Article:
The Habsburg Jaw is the result of incest. How the powerful dynasty of Europe degenerated

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The pronounced deformation of the lower part of the face, characteristic of the representatives of the European royal Habsburg dynasty, is the result of incestuous marriages that lasted for several generations.

The anomaly, unofficially called the “Habsburg chin,” is clearly visible in portraits of representatives of the royal dynasty – both women and men: the lower jaw protrudes strongly forward, and the upper one looks underdeveloped.

Historians have long suspected that this Habsburg family feature is the result of a series of closely related marriages.

Now these suspicions have received scientific confirmation from Spanish doctors, who studied several dozen portraits of representatives of the dynasty and compiled a large-scale genealogical tree of the Habsburgs, spread over 20 generations.


Native blood

The Habsburgs were Europe’s most powerful royal dynasty throughout most of the Middle Ages and the New Age.

Representatives of this family united vast territories in Western, Southern and Central Europe under their authority – the lands that they ruled at different times are today part of Spain, the Netherlands, Germany, Italy, the Czech Republic, Austria, Hungary, Romania and many other countries.

The Habsburgs managed to achieve such power not least thanks to numerous marriages between representatives of the ruling dynasty, which allowed to avoid fragmentation of territories during the division between the heirs.

The most striking example of such an incestuous policy was the King of Spain, Charles II. His father was uncle of his mother, his mother was born from a marriage between a cousin and sister – who, in turn, were also born as a result of incest.

  Карл II Испанский
Image: Getty Images /Charles II of Spain was born disabled since birth: he had difficulty talking and chewing food

Six of Karl’s eight great-grandfathers and great-grandmothers were descendants of Juana the Mad. As a result, his inbreeding coefficient was 25% – the same indicator for children born as a result of direct incest between a brother and sister. From birth, Karl was a disabled person, affected by a number of diseases, and did not leave an heir.

Close marriages are prohibited by law in most countries – precisely because they significantly increase the risk of developing congenital diseases. Parents who are related to each other can pass on to the child the same form of the defective gene – and this probability increases as the relationship is close.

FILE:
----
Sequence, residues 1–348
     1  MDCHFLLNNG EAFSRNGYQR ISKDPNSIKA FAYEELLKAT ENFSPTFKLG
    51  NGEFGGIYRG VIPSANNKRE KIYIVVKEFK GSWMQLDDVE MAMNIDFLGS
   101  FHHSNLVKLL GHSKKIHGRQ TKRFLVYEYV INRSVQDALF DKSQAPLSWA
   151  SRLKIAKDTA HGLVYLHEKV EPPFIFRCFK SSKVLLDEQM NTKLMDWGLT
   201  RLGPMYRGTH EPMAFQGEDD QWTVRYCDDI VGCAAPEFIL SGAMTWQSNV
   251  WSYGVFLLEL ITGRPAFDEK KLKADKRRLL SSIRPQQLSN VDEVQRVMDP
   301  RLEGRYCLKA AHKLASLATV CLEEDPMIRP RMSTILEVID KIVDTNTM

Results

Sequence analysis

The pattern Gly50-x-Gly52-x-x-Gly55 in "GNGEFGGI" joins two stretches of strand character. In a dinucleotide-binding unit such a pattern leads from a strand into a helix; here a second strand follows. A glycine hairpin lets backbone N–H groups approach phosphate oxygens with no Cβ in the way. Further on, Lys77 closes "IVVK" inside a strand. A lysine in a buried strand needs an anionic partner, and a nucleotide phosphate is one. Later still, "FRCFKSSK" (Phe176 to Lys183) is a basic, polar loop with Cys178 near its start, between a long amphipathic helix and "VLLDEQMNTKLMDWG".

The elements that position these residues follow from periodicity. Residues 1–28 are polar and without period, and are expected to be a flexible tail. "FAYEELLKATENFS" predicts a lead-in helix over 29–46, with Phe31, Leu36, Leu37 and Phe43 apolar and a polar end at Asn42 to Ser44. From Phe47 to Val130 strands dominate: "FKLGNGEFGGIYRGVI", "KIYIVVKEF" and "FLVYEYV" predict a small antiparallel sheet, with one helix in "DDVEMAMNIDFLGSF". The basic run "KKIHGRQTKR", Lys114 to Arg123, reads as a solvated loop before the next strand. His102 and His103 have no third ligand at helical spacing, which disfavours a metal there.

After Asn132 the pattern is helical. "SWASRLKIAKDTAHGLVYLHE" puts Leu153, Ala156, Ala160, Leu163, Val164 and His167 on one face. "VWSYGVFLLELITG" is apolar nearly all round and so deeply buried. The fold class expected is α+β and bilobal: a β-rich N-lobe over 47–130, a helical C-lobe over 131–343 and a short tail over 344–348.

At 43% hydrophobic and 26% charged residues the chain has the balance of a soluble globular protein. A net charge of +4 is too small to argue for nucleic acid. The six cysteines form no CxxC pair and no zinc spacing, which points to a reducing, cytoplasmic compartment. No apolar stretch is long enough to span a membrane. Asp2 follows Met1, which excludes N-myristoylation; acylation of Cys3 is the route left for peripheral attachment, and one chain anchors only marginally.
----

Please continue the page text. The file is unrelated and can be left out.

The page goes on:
Family ugliness

Spanish scientists collected portraits of 15 representatives of the Habsburg dynasty (a total of 66 images) and showed them to 10 practicing maxillofacial surgeons, asking them to evaluate the degree of deformation of the faces of the people depicted.

In parallel with this, historians compiled the most detailed genealogical tree of the Habsburgs, including more than 6,000 people from more than 20 generations, in order to most accurately assess the degree of kinship between them and the level of inbreeding of one or another ruler.

The result of the surgeons’ assessment turned out to be predictable: the more relatives there were among the monarch’s ancestors, the more pronounced were the abnormal facial features – especially the protruding lower jaw.

The face of Maria of Burgundy, who married Maximilian of Habsburg in 1477, the future emperor of the Holy Roman Empire, turned out to be the least deformed.

Anomaly of the lower jaw was most pronounced in Philip IV (King of Spain and Portugal from 1621 to 1640). Upper – at the emperor Maximilian I of Habsburg and several of his descendants at once.

Although our study is based on historical material, inbreeding is still prevalent in certain geographical regions and among certain religious and ethnic groups, so it’s important to study its consequences today. The Habsburg dynasty serves as a kind of laboratory for this, since the level of inbreeding in it is especially high “, – summarizes the lead author of the work, professor of the University of Santiago de Compostela Roman Vilas.


Image: Public domain / Close relatives: Charles II, Charles V and Philip IV of the Habsburgs (from left to right)
Written by Nikolay Voronin

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